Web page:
Bible Studies
Written by Jim Jordal   
Sunday, 08 September 2013


By Jim Jordal

 "Don't think that I came to send peace on the earth. I didn't come to send peace, but a sword. For I came to set a man at odds against his father, and a daughter against her mother, and a daughter-in-law against her mother-in-law. A man's foes will be those of his own household. He who loves father or mother more than me is not worthy of me; and he who loves son or daughter more than me isn't worthy of me. He who doesn't take his cross and follow after me, isn't worthy of me. He who finds his life will lose it; and he who loses his life for my sake will find it."

Matthew 10:39-42 WEB

We often hope and pray for peace for ourselves and our family, church, and nation. But we usually treat peace as a gift from God, with no cost to us or to those finding peace.

What is the price of spiritual peace within a nation, church, family, or individual? The price of peace is justice, for, as Martin Luther King said, "Without justice there can be no peace. He who passively accepts evil is as much involved in it as he who helps to perpetuate it." This is true of individuals as well as larger groups like organizations and nations.

Today let’s look at peace within a church. Ideally, peace can mean a blessed sense of cooperation, sharing, brotherhood, discipleship, challenge, and spiritual growth within the group as we follow wherever the Lord leads. This form of peace is exemplified in the early church described in the Acts of the Apostles. And it is still possible today!

Peace can also mean the absence of conflict and discord. This sort of peace is delusionary because it is based, not on truth or obedience, but upon a temporary absence of disruptive behaviors. Matthew 18 contains a process for dealing with such situations. It tells us to resolutely face serious divisive behavior in a loving but fearless manner. When reasonable action fails, then the answer lies in separating the disputing parties.

What we usually do when conflict erupts in the church is to attempt to gain peace by ignoring or pacifying disputing parties. If peace in the church can be gained only by soft pedaling God’s truth, substituting instead nice sounding platitudes and cheap grace so that parishioners can go home feeling good about themselves, then the price of peace is too high. If peace can be attained only by pacifying malcontents instead of confronting them according to the process disclosed in Matthew 18, then the price is too high. And if preaching only the partial gospel of personal salvation while ignoring the remainder of Jesus’ teachings concerning justice and national righteousness can attain peace, then the price is also too high.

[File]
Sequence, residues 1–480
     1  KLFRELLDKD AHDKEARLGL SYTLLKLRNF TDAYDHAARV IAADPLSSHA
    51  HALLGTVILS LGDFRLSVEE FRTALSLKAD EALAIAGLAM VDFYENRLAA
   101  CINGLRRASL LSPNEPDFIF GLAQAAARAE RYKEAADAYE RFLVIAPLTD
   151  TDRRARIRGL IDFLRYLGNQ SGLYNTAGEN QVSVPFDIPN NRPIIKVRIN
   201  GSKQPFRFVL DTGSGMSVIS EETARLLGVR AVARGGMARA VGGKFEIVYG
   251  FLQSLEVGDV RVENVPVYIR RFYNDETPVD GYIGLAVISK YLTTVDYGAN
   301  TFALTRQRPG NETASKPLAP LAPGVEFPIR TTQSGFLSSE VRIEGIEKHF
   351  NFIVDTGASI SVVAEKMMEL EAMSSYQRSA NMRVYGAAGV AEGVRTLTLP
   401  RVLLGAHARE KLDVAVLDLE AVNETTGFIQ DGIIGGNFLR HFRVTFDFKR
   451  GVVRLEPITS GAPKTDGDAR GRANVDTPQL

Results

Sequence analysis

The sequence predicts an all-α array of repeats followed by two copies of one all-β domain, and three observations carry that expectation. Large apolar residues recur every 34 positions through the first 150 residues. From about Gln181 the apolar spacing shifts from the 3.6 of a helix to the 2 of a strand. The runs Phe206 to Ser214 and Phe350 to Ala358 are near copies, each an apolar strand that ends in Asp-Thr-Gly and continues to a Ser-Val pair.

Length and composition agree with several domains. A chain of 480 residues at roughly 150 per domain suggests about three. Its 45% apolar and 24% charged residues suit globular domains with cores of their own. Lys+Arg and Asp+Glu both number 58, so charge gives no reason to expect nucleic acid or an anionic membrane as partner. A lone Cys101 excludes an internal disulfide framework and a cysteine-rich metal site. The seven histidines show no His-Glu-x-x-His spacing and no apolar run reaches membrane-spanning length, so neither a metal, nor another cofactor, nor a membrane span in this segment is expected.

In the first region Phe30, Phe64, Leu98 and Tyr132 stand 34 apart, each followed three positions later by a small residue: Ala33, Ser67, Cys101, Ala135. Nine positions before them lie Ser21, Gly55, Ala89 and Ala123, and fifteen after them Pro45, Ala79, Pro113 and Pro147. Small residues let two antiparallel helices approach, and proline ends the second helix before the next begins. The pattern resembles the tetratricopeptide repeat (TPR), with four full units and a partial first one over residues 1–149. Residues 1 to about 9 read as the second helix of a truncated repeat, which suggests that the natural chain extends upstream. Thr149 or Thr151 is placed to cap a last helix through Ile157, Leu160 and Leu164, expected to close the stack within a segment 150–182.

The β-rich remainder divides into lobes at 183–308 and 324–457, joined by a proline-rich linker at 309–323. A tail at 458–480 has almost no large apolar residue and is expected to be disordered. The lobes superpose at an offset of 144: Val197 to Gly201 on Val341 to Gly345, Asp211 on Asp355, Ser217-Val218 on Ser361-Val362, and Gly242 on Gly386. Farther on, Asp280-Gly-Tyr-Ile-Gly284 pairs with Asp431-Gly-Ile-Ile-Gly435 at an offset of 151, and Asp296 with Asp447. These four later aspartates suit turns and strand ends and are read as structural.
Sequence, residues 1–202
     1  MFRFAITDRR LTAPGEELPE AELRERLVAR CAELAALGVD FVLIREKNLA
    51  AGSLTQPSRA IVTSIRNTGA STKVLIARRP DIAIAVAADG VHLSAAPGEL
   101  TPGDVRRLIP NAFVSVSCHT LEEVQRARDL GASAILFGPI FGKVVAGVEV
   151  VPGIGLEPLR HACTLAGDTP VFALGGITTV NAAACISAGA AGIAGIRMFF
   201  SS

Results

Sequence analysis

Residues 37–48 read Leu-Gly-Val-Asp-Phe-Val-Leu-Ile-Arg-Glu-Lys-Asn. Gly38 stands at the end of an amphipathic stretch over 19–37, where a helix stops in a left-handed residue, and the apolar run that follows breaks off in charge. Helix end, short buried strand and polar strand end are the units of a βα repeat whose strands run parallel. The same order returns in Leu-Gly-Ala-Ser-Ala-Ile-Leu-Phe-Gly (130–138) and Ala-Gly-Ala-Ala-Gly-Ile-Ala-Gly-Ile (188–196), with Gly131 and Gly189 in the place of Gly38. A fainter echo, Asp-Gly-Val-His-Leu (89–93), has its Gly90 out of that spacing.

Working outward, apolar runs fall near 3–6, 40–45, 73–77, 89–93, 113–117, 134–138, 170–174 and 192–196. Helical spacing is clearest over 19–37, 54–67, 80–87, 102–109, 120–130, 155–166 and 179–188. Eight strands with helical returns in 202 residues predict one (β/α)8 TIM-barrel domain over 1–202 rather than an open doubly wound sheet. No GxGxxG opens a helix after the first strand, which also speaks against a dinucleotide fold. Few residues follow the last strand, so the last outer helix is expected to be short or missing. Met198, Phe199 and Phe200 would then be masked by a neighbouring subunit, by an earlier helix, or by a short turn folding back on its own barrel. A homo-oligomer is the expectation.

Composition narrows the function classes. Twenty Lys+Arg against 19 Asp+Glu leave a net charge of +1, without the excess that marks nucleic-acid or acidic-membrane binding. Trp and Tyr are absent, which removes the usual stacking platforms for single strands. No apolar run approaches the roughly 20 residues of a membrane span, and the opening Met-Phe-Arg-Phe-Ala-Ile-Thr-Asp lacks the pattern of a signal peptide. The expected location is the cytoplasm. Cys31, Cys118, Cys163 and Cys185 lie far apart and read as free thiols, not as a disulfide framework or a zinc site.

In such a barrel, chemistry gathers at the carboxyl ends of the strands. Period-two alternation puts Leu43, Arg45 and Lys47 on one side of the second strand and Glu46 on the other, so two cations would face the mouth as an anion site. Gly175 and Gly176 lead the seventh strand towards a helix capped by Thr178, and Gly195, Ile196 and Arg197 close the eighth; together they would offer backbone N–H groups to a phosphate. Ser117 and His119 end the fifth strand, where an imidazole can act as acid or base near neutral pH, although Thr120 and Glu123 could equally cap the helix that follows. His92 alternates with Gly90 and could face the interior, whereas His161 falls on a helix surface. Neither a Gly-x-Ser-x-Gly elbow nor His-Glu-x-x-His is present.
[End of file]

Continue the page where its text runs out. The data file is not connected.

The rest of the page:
Jesus said he came not to bring peace but a sword. He meant that while true peace was always the goal, that following him into the power of his resurrection, the fellowship of his sufferings, and the ultimate conformity to his death (Phil. 3:10) would stir up opposition. Some people don’t like to be challenged. Others don’t want to be disquieted, preferring to remain placid pew-sitters rather than active followers. Others think that just being in church is insurance against hell fire, and besides, it will let others know you are a "good, trustworthy person," and that helps business.

But whatever the reason you are in church, you will someday have to answer for what you did with what you heard.

Today many Christian churches have become expressions of the surrounding culture rather than antidotes to it. We mistakenly think that people, especially young adults, want and will respond to expressions of the common culture, especially modern music, that will somehow attract those that otherwise would not be interested in the Christian message. But the result according to recent polls is just the opposite: We water down the real full gospel with half-hearted "truths" based as much on human philosophy as on Scripture. And the result is that youth turns away from mainline denominations in droves, moving toward independent community churches still maintaining the always vital messages of truth, justice, relationship with Christ and others, and involvement in the lives of parishioners.

But we are so afraid of discord that we will do almost anything to preserve peace. Remember that if the price of peace is too high, you have an alternative—risk doing what God says and see what happens.